Special thanks to our sponsors, ServeNow, CloudMask, and Scorpion.
March 4, 2016
Fenwick & West civil practitioner Laurence Pulgram and Schoeman Updike & Kaufman complex litigator Beth Kaufman stop by to discuss amendments that were made to the Federal Rules of Civil Procedure in this Special Report. In 2010, at a symposium at Duke University, rule amendments to improve civil litigation were proposed and over 2,300 individuals provided input on these changes during the public comments period. On April 29th, 2015, the U.S. Supreme Court approved and submitted to Congress the proposed amendments to the Federal Rules of Civil Procedure and these amendments took effect on December 1, 2015. However, many lawyers are not aware of these changes. Beth and Laurence, along with The Digital Edge host Jim Calloway and Thinking Like A Lawyer host Joe Patrice, sit down to discuss some of the changes and best practices to help you save money and expedite managing your case.
Laurence Pulgram is a civil practitioner for Fenwick & West L.L.P. He is chair-elect of the American Bar Association’s Section of Litigation and received his artium baccalaureus from Duke University (summa cum laude). Laurence received his J.D. from Harvard Law School (magna cum laude).
Beth Kaufman is a complex litigator with Schoeman Updike & Kaufman. She was the president of The National Association of Women Lawyers and was its delegate to the ABA House of Delegates. Beth received her bachelor of arts from Queens College-CUNY (magna cum laude) and her J.D. from the University of Richmond School of Law.
January 28, 2016
InfraGard, one of the longest running outreach associations, represents a partnership between the FBI and the private sector. Members include businesses professionals (including many law firm employees), people from academic institutions, and local participants who share their experience and expertise with the FBI to assist in crime prevention. In the recent climate of rampant cyber security issues, many in the private sector are better equipped to fight these cyber threats. So why is it important for lawyers to know about and potentially join InfraGard?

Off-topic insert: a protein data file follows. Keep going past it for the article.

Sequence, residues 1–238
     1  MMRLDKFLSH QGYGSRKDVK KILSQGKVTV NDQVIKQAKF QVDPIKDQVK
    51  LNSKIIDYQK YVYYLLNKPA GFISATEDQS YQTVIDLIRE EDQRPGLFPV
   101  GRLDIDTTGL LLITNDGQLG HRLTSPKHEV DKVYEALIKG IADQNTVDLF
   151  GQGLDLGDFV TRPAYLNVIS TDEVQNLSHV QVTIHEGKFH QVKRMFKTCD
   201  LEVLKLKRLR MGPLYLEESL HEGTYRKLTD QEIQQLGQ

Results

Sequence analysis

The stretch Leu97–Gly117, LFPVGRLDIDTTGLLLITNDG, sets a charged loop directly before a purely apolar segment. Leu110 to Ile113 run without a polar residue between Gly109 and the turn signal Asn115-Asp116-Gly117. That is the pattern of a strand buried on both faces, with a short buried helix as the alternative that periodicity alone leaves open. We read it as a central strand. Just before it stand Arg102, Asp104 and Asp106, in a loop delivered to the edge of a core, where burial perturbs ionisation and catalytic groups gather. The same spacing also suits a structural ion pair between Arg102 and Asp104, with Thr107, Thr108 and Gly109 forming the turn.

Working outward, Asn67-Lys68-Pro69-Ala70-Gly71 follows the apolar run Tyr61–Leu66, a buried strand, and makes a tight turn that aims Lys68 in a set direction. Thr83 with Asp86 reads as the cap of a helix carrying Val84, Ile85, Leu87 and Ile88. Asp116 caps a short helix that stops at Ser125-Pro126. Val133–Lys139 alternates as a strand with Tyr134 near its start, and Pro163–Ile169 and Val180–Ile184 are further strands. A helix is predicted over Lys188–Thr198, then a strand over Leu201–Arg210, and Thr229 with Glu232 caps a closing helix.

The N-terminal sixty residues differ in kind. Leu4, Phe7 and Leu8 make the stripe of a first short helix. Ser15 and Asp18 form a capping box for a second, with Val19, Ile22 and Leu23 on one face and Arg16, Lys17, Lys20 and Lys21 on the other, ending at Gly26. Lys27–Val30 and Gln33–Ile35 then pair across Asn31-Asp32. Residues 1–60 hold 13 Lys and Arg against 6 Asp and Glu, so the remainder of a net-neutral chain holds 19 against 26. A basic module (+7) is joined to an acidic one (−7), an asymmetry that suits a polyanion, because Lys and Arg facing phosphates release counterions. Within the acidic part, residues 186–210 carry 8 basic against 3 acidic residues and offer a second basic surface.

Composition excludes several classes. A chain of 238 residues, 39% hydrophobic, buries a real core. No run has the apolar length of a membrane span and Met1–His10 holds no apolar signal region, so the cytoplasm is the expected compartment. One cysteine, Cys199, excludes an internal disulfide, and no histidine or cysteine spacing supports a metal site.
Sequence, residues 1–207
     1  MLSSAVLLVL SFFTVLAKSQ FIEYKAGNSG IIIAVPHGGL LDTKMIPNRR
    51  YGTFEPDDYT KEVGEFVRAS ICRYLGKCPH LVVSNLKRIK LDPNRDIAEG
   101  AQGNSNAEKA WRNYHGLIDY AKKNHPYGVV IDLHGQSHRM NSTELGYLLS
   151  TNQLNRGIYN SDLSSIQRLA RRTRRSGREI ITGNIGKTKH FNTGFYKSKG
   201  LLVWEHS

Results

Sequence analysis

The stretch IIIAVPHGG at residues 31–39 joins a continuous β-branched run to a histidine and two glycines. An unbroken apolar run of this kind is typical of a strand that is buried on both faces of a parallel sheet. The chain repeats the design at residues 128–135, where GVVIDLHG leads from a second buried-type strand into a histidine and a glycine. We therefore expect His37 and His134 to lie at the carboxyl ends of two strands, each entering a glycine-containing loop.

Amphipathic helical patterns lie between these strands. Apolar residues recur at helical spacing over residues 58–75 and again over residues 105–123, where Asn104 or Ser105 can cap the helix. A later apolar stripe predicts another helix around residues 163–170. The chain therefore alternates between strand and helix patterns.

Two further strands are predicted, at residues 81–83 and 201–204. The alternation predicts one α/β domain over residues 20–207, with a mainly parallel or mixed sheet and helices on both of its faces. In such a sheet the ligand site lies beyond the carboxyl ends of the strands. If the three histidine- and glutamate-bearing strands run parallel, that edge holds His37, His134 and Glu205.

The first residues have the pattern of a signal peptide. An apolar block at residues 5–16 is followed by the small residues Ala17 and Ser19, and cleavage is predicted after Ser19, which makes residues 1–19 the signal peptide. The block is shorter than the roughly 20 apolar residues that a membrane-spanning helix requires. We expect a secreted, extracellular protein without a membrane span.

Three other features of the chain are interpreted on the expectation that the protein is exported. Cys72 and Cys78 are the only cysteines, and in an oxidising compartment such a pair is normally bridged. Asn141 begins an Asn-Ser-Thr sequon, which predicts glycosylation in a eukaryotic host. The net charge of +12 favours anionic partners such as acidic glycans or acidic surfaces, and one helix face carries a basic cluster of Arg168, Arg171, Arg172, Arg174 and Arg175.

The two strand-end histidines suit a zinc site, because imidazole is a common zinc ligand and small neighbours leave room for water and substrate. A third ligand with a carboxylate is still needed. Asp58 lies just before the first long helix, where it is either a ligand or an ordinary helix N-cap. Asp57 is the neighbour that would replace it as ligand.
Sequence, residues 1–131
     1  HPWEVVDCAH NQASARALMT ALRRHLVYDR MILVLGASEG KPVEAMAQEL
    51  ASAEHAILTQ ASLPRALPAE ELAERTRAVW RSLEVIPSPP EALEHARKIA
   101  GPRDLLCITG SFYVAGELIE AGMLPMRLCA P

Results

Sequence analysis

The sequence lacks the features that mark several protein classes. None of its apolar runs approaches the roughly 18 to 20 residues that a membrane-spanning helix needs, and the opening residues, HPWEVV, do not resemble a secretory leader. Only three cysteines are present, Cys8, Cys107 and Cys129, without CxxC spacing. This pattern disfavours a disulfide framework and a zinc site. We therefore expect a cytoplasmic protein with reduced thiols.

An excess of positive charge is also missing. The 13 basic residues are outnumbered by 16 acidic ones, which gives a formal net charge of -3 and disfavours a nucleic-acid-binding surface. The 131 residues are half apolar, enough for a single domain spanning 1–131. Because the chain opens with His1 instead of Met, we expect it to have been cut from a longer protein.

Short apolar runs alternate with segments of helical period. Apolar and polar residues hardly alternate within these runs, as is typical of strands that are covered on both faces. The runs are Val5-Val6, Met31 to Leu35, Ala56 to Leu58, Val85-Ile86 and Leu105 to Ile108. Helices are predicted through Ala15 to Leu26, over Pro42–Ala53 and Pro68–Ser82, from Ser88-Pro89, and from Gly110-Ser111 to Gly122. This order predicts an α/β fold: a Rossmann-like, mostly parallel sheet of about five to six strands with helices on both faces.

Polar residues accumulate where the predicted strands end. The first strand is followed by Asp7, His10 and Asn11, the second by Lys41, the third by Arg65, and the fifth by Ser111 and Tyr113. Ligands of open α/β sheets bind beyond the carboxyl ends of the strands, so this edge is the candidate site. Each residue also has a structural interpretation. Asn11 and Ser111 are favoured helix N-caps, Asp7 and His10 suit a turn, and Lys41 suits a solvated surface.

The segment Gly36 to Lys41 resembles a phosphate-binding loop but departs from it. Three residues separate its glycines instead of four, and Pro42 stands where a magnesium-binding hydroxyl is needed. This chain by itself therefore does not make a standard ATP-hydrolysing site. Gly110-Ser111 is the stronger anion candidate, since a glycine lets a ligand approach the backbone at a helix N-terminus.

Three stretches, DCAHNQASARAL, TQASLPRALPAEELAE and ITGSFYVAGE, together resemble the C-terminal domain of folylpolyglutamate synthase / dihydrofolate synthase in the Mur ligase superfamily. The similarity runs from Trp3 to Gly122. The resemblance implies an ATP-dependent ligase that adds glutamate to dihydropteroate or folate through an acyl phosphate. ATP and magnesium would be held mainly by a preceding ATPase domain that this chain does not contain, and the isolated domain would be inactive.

In this episode of Digital Detectives, Sharon Nelson and John Simek interview FBI special agent and InfraGard coordinator Kara Sidener about the way InfraGard works and why lawyers and other law firm professionals should be interested in joining this two-way information sharing platform.
- The evolution of cybercrime
- The Department of Homeland Security, the FBI, and the private sector
- Who joins InfraGard
- How and why members are vetted
- Benefits for IT professionals trying to secure law firm networks
- Staying informed about clients’ intellectual property issues
- Proactive programming and cross-sector collaboration
- Free resource to provide info on terrorism and cyber threats
Kara Sidener is a special agent with the FBI and is currently serving as the InfraGard Coordinator for the Washington Field Office (WFO). Her 17 years with the FBI have all been in the Washington, DC area, having had assignments at WFO, FBI Headquarters, and the FBI Academy. Kara has experience in a number of areas including counterintelligence and cyber investigations, evidence response, instruction and training, and private sector outreach. Kara was a member of WFO’s Evidence Response Team and a first responder to the Pentagon on 9/11/01.
December 2, 2015
Despite not being 100% sure of her desired practice area when she graduated from Harvard Law School, Deirdre Stanley, now general counsel of Thomson Reuters, was certain of two things: she wanted to work in business and wanted to do so in New York City.
During her tenure in Biglaw doing mergers and acquisitions, Deirdre found her calling working alongside in-house counsels. She realized that in order to advance, she would need to diversify her experience, so when the opportunity to head business development at USA Network came up, she took it. That off-path experience eventually paved the way for an offer from Thomson Reuters to head their legal department.
In this episode of In-House Legal, host Randy Milch interviews Deirdre Stanley about her path to the top. Together, they discuss her background, pivotal decisions along the way, and how being interested in multiple disciplines is the key to high level positions. Tune in to hear her advice for lawyers in today’s market and about her daily duties to maintain a free press worldwide.
Deirdre Stanley is the executive vice president, general counsel, and board secretary at Thomson Reuters. Prior to her current role, she held various legal and senior executive positions, including deputy general counsel at IAC (previously USA Networks, Inc.). From 1997 to 1999, Deirdre served as associate general counsel for GTE Corporation (a predecessor company to Verizon), where she headed the mergers and acquisitions practice group. She currently serves as a vice chair on the Board of Trustees of the Hospital for Special Surgery and is a member of both the Council on Foreign Relations and the Executive Leadership Council.